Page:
Temporal focus, temporal distance, and mind-wandering valence: Results from an experience sampling and an experimental study
Number of pages
SourceConsciousness and Cognition, 41, (2016), pp. 104-118
Article / Letter to editor
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SW OZ BSI SCP
SW OZ BSI KLP
Consciousness and Cognition
SubjectBehaviour Change and Well-being; Experimental Psychopathology and Treatment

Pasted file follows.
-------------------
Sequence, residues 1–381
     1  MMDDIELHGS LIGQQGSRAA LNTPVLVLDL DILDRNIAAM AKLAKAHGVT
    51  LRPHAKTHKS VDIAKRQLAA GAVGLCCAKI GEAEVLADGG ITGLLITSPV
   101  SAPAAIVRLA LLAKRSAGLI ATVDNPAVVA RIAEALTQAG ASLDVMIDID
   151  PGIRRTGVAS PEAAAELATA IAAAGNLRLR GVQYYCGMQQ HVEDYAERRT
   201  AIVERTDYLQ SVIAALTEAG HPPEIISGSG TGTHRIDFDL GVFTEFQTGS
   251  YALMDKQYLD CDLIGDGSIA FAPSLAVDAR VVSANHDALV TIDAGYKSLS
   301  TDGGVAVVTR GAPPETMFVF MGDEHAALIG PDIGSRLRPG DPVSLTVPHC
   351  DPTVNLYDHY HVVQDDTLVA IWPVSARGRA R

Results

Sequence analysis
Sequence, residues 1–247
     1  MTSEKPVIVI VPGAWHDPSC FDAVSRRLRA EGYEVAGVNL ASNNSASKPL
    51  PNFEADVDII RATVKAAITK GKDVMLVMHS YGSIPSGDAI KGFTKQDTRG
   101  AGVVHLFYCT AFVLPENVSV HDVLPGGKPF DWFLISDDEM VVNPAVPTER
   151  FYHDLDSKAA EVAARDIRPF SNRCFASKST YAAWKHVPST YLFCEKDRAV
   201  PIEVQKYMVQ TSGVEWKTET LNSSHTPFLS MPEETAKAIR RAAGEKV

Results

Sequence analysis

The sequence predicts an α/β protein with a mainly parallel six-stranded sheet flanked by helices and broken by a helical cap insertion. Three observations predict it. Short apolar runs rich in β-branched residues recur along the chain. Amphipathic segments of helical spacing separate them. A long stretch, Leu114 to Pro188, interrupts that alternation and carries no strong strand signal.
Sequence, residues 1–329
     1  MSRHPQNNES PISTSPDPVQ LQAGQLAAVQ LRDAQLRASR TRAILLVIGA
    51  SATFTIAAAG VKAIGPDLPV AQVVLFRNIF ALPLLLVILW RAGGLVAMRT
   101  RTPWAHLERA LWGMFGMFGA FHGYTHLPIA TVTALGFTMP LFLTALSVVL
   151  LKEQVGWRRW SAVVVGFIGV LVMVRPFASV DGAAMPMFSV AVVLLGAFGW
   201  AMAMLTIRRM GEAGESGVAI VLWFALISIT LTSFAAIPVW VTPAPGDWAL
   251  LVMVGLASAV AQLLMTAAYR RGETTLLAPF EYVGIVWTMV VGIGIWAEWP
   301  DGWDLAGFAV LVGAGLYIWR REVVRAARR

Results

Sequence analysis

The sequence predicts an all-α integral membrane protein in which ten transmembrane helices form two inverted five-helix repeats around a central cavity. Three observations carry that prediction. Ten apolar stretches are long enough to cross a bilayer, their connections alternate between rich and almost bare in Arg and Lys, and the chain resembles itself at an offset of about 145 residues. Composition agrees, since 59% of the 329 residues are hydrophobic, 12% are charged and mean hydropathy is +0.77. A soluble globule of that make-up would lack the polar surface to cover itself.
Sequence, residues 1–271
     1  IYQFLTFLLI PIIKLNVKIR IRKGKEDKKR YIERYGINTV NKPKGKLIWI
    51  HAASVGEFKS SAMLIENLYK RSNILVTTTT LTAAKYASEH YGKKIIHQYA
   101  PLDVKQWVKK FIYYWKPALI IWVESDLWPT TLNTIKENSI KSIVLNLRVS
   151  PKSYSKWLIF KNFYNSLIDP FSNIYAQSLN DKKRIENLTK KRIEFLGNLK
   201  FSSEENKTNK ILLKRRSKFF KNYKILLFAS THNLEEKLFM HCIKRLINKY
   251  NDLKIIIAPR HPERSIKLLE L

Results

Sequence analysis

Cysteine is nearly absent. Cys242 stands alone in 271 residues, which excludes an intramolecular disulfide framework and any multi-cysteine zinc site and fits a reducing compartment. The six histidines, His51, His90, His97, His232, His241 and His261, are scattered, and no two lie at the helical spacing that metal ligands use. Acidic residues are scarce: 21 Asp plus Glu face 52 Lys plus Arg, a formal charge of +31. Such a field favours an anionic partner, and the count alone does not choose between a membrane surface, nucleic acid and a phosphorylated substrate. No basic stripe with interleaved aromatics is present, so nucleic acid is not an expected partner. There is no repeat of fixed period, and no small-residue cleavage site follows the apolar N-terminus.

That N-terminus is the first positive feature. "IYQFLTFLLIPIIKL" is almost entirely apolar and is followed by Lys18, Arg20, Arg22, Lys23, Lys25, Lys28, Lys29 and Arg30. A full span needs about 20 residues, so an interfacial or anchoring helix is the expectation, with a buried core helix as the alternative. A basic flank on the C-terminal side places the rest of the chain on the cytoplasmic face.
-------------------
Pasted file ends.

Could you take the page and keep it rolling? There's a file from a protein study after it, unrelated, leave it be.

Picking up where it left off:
When mind-wandering, people may think about events that happened in the past, or events that may happen in the future. Using experience sampling, we first aimed to replicate the finding that future-oriented thoughts show a greater positivity bias than past-oriented thoughts. Furthermore, we investigated whether there is a relation between the temporal distance of past- and future-oriented thoughts and the frequency of positive thoughts, a factor that has received little attention in previous work. Second, we experimentally investigated the relation between temporal focus, temporal distance, and thought valence. Both studies showed that future-oriented thoughts were more positive compared to past-oriented thoughts. Regarding temporal distance, thoughts about the distant past and future were more positive than thoughts about the near past and future in the experiment. However, the experience sampling study did not provide clear insight into this relation. Potential theoretical and methodological explanations for these findings are discussed.
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